The Glendale Police Department hopes to build a $3-million DNA lab to expedite the processing of evidence and ease demand on Los Angeles County's overburdened testing system, officials said.
"The top priority for our lab operation is to eradicate the backlog for Glendale, Burbank and Pasadena," Glendale Police Capt. Raymond Edey said.
The Glendale City Council voted Tuesday to accept a $500,000 grant from the U.S. Department of Justice, augmenting $1 million in local funds the council approved last October.
Edey said the department is also seeking a $500,000 grant of federal asset forfeiture funds and has requested additional money from Congress.
If all goes well, the lab could begin operation in 18 months.
"It's a lot of work, but it's not so much a money-saver as it is a crime-saver," he said.
The Glendale lab would be staffed with three or four employees and overseen by a chief scientist. It would be located in the Police Department's forensic lab.
Once profiles are built from DNA samples, they will be entered into the FBI's CODIS system, if the lab becomes accredited. The department aims to process 1,200 to 2,000 samples a year, Edey said.
"We're hoping it pays for itself through the savings of time and money and lives and the potential for other contracts," he said.
Having an in-house lab would expedite DNA processing. Profiles could be turned around in as little as 72 hours, a stark contrast to the six-month delay the department faces when samples are sent to the sheriff's lab, Edey said.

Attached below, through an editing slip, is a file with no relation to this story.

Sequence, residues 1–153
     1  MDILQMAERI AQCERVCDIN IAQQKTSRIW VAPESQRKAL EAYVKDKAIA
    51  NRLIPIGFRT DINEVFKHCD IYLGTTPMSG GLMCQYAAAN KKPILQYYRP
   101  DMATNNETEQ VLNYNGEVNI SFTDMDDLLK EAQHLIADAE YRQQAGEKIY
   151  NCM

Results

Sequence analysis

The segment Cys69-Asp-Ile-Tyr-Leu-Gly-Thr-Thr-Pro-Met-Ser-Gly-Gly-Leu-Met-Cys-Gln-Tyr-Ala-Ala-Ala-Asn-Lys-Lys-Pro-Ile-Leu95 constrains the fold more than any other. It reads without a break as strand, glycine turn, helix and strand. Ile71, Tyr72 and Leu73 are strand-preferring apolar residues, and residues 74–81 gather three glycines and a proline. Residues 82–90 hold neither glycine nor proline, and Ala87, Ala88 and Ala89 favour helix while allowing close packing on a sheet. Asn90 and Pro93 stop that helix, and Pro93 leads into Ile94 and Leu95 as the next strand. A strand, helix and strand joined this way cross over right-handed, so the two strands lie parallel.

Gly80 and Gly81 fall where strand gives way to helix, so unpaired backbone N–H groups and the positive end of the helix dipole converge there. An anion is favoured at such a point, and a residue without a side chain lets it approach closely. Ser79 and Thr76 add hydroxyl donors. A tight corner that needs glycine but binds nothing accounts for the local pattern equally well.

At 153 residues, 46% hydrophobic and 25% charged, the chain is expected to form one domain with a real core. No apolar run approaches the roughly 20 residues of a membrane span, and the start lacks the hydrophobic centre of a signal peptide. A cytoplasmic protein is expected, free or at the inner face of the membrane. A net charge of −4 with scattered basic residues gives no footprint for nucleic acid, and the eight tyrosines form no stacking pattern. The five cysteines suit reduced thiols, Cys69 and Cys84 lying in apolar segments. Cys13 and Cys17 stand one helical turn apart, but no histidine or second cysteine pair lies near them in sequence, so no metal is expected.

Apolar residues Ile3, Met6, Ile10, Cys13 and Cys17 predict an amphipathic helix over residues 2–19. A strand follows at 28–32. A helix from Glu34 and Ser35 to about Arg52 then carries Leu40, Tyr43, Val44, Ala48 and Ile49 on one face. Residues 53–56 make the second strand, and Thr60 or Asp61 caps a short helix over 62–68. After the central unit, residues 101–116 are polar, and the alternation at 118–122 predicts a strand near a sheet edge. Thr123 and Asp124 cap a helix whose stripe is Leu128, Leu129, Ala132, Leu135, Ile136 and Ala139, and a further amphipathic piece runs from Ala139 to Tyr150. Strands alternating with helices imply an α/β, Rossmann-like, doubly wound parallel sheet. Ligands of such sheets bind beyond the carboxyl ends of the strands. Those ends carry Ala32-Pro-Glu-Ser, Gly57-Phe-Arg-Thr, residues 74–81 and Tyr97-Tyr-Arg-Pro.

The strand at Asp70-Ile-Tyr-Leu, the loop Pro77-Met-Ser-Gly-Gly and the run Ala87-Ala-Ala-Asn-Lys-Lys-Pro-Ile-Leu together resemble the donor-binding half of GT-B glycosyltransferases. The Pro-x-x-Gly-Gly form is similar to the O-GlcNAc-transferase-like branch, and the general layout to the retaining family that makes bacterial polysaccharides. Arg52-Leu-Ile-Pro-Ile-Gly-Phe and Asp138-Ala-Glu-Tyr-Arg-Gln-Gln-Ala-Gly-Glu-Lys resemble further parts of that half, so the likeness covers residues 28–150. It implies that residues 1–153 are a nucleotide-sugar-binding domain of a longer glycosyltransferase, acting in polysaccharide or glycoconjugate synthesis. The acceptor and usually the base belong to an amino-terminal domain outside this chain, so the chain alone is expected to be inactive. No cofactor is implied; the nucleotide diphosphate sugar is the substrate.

In addition to the Los Angeles County Sheriff's Department, the Los Angeles Police Department operates a crime-based DNA lab. Both have enlisted the services of private labs to reduce their backlogs, which have been shrinking over the past several months.
"It's a very difficult proposition to set up to do any kind of forensic testing, particularly DNA testing," said Cmdr. Earl Shields of the sheriff's Technical Services Division.
A new lab could help alleviate the sheriff's overburdened system by reducing the number of samples sent to their labs. The sheriff's lab handles DNA samples from violent crimes at no direct cost to cities, but processing DNA from other cases could cost local governments up to $1,600 per sample.
Edey said "there's really nowhere to turn" when the police departments want to process evidence from property crimes or burglaries. Working on those DNA samples in-house would be more cost-effective.
"The more crooks we could get off the streets and behind bars with DNA evidence the better," he said.